Frank Meadow Sutcliffe was born in 1853 in Headingly, Leads, England. He became active in photography around 1870, and established a studio in the Yorkshire coastal town of Whitby, where he was very successful as a carte de visite and portrait photographer. He wrote extensively about photography and from 1908 until about 1930 had a column in the Yorkshire Weekly Post and contributed several other articles to magazines and newspapers, including Amateur Photography. Sutcliffe was a distinguished photographer of his day and was a founding member of The Linked Ring, as well as an Honorary Fellow of RPS. The first photographer to have a one-man show held by the Camera Club in 1888, his work was frequently exhibited and widely respected, as is demonstrated by the sixty-two medals he received throughout his lifetime. Sutcliffe experimented with many varieties of prints - albumen, silver, carbon and platinum - and in his later years also did experimental photography for Kodak, using their hand-held camera.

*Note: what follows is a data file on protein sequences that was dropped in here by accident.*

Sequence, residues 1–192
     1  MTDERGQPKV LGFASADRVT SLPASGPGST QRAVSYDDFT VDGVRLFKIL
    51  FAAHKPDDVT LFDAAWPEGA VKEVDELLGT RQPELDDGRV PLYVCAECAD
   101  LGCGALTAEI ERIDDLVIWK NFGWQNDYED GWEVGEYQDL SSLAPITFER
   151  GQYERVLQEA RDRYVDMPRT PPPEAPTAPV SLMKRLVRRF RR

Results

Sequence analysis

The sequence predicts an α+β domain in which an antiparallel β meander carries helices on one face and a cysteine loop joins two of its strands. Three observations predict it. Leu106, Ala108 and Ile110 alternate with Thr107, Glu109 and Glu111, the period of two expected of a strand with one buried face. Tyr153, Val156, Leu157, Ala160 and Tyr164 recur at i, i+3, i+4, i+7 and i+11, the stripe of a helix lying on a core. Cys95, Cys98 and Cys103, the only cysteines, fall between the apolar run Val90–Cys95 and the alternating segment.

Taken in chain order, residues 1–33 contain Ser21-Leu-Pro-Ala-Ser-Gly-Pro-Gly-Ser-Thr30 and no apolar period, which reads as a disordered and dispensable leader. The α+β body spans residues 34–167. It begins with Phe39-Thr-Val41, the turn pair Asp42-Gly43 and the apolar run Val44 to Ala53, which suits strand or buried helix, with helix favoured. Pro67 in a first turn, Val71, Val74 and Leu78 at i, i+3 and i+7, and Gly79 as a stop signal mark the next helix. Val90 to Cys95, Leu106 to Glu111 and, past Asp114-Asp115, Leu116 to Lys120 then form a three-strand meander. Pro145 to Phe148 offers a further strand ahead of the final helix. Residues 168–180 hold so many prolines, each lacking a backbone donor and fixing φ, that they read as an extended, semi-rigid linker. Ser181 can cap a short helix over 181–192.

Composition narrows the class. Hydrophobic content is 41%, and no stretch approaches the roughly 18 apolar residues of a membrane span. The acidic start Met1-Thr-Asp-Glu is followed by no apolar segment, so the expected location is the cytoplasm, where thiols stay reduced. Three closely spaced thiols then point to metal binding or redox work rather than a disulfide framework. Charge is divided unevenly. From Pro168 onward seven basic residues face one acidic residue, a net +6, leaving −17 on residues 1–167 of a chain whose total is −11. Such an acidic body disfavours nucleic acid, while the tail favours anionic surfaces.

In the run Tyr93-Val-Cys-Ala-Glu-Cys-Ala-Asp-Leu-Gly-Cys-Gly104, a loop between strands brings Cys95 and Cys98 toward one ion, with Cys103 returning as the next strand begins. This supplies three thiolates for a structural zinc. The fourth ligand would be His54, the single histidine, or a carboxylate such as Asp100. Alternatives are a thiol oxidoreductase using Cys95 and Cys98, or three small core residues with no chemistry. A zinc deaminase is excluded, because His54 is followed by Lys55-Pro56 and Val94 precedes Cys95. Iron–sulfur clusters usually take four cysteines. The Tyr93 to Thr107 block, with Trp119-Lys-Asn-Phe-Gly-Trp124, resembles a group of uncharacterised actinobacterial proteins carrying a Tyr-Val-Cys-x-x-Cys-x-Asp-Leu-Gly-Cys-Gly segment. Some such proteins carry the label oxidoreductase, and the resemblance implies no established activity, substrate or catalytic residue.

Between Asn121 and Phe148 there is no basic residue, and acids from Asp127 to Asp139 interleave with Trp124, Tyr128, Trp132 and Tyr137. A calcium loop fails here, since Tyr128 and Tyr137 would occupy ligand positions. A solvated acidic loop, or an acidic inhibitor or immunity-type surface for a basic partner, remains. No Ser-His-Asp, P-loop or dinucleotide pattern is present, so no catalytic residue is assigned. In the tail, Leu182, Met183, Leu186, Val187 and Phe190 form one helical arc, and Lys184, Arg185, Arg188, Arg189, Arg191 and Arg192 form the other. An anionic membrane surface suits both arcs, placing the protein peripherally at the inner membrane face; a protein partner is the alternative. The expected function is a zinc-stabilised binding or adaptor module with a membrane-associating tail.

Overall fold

Although he was successful as a commercial photographer, Sutcliffe is best known for his personal landscape and genre prints, which he took in Whitby. He was influenced by P. H. Emerson and early realist French painters. Sutcliffe focused on the small-town inhabitants of Whitby - the fisherman, farmers, their wives and their children at work and at play. He is especially recognized as being able to capture people in a natural, unposed state despite the fact that the slow technique of wet plates that he often used made it difficult to do so. For further information on Sutcliffe see Frank Meadow Sutcliffe, published by Aperture with text by Michael Hiley.